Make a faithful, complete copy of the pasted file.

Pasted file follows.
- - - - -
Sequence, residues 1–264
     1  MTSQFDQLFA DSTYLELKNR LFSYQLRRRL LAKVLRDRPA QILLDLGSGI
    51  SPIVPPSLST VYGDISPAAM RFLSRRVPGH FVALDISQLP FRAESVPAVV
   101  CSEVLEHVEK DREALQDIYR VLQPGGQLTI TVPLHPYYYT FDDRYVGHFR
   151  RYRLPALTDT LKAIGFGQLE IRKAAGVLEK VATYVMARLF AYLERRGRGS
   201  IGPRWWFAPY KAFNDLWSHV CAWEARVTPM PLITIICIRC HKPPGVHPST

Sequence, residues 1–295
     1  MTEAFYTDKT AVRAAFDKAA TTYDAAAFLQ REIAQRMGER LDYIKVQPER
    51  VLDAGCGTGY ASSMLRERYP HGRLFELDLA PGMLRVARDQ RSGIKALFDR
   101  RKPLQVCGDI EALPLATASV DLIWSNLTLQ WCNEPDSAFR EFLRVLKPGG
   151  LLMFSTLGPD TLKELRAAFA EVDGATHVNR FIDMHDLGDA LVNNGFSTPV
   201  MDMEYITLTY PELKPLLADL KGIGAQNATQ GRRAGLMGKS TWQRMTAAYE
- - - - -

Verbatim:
Sequence, residues 1–264
     1  MTSQFDQLFA DSTYLELKNR LFSYQLRRRL LAKVLRDRPA QILLDLGSGI
    51  SPIVPPSLST VYGDISPAAM RFLSRRVPGH FVALDISQLP FRAESVPAVV
   101  CSEVLEHVEK DREALQDIYR VLQPGGQLTI TVPLHPYYYT FDDRYVGHFR
   151  RYRLPALTDT LKAIGFGQLE IRKAAGVLEK VATYVMARLF AYLERRGRGS
   201  IGPRWWFAPY KAFNDLWSHV CAWEARVTPM PLITIICIRC HKPPGVHPST

Sequence, residues 1–295
     1  MTEAFYTDKT AVRAAFDKAA TTYDAAAFLQ REIAQRMGER LDYIKVQPER
    51  VLDAGCGTGY ASSMLRERYP HGRLFELDLA PGMLRVARDQ RSGIKALFDR
   101  RKPLQVCGDI EALPLATASV DLIWSNLTLQ WCNEPDSAFR EFLRVLKPGG
   151  LLMFSTLGPD TLKELRAAFA EVDGATHVNR FIDMHDLGDA LVNNGFSTPV
   201  MDMEYITLTY PELKPLLADL KGIGAQNATQ GRRAGLMGKS TWQRMTAAYE